Use this URL to cite or link to this record in EThOS: http://ethos.bl.uk/OrderDetails.do?uin=uk.bl.ethos.719369
Title: Psychological contracts in coaching
Author: Stewart, Alexandra
ISNI:       0000 0004 6350 6156
Awarding Body: Middlesex University
Current Institution: Middlesex University
Date of Award: 2017
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Abstract:
The research sets out to explore the influence of the coach’s unconscious mind on the coaching process and to the answer the question, How does the coach’s unconscious mind influence the coaching process? This research is based on the psychodynamic concept that the unconscious mind is omnipresent and a strong influence on thoughts, feelings and behaviours, and sought to ascertain the extent to which the coach’s unconscious mind is at work in the coaching process. Brunning (2006) suggests that the term psychodynamic links psycho (from the psyche Greek meaning soul or mind) and dynamic (from the Greek dynamis, meaning strength or power). Thus, psychodynamic work is based on ways of understanding how the mental forces operating intrapersonally and interpersonally in and between individuals and groups affect their thinking and behaviour. It involves eight participants, all of whom are professionally trained and accredited coaches, working in the public sector in Scotland as either internal or external coaches. The research invited participants to explore their lived experience in relation to the intrapersonal process; the interpersonal process, relationships with parties to the coaching contract and the coaching process. The data collection followed three distinct yet inter-related stages, engaging participants in semi-structured interviews using metaphor, symbolic representation and creation of metaphoric landscapes, culminating in indirect observation of the coach at work. The narrative is a journey of discovery for both the researcher and the participants, with data emerging that identifies the coach’s relationship not only with the external parties but also with the different parts of self. In the three stages of this journey, the participants travel from mental activity, reflecting on lived experience, perceptions and events, to the exploration of mental process and constructs which are inferred, discovered and translated into conscious awareness throughout the research interviews. The professional significance of this research is the consideration of where the need for psychological awareness sits within the context of professional coach education and accreditation, which moves the coach beyond technique to psychological understanding, self-awareness and self-regulation.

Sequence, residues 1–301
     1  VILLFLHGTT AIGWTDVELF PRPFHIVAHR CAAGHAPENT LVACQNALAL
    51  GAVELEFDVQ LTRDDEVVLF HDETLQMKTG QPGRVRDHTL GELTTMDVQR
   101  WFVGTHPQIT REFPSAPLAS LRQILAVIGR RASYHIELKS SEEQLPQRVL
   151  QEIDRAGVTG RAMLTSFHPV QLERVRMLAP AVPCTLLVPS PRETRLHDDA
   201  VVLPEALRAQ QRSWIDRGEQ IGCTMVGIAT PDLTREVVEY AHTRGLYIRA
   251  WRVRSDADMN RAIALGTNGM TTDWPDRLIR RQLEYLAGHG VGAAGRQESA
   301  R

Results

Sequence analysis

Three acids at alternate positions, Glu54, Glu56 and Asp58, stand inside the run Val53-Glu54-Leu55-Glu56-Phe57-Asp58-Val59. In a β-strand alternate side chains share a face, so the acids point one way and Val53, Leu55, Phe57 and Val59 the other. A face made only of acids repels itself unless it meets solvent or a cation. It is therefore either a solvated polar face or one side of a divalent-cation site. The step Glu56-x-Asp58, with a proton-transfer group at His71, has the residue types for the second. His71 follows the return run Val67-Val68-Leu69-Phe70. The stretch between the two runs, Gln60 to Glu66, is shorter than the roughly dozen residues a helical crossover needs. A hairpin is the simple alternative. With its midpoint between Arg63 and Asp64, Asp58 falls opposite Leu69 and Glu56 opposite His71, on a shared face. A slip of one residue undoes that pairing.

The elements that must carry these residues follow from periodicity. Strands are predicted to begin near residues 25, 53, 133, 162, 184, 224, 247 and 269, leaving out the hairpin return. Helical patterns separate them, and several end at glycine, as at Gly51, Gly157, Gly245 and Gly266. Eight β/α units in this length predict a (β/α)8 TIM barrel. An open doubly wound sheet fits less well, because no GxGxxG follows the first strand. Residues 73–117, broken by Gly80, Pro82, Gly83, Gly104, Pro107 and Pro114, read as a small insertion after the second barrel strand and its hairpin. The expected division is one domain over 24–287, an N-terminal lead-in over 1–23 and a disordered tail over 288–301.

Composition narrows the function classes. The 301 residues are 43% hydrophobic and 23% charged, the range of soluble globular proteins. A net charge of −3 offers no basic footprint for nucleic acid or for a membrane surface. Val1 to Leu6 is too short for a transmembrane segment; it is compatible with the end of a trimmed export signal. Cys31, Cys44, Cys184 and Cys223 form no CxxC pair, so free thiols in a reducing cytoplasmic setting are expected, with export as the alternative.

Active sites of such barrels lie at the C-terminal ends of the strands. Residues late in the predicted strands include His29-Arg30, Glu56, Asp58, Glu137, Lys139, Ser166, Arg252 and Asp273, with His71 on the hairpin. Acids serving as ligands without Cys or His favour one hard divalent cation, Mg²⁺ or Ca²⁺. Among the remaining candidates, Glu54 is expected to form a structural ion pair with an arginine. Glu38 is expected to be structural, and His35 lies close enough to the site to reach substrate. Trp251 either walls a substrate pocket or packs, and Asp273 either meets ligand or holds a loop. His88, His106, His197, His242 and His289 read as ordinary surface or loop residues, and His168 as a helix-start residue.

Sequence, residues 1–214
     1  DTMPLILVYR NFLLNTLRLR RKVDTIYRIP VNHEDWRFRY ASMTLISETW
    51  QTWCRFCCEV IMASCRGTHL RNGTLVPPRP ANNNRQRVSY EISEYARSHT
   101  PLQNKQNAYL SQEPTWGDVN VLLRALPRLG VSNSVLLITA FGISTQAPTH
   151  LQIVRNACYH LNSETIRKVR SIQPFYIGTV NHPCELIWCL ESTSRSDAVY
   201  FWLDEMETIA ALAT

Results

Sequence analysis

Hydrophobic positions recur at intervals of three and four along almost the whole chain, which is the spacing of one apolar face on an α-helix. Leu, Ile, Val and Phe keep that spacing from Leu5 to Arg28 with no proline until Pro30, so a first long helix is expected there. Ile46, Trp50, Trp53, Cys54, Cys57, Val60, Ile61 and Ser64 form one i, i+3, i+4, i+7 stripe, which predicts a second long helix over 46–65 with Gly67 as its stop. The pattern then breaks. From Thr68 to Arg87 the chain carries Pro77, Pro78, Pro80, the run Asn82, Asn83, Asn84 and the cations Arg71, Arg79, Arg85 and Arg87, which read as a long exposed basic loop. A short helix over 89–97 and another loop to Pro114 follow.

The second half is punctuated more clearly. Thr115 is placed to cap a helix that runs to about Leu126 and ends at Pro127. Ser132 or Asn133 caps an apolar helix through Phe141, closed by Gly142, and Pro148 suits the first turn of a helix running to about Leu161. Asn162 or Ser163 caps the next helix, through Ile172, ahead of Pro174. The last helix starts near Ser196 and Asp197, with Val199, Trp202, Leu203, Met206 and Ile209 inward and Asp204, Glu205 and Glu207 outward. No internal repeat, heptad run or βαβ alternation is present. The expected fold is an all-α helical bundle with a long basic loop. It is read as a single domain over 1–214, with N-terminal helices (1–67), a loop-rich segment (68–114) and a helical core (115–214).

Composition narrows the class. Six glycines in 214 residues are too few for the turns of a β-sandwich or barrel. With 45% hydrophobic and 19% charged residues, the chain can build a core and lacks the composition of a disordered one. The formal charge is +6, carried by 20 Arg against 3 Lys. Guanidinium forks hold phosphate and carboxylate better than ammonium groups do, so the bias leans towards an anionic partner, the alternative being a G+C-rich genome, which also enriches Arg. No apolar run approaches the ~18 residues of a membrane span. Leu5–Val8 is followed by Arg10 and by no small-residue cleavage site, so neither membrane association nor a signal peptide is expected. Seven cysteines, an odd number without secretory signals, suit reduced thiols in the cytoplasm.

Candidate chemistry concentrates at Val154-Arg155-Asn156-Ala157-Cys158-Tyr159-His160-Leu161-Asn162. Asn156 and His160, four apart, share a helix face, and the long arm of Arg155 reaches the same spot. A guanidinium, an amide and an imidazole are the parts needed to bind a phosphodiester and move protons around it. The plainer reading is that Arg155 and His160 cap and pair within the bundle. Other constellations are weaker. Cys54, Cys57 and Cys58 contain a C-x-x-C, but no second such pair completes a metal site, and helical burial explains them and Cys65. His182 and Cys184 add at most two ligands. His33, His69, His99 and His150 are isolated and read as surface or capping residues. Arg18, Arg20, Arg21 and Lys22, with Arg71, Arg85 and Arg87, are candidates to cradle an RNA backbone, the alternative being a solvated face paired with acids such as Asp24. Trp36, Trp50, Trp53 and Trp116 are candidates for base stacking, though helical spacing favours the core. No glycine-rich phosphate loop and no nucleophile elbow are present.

Supervisor: Not available Sponsor: Not available
Qualification Name: Thesis (D.Prof.) Qualification Level: Doctoral
EThOS ID: uk.bl.ethos.719369  DOI: Not available
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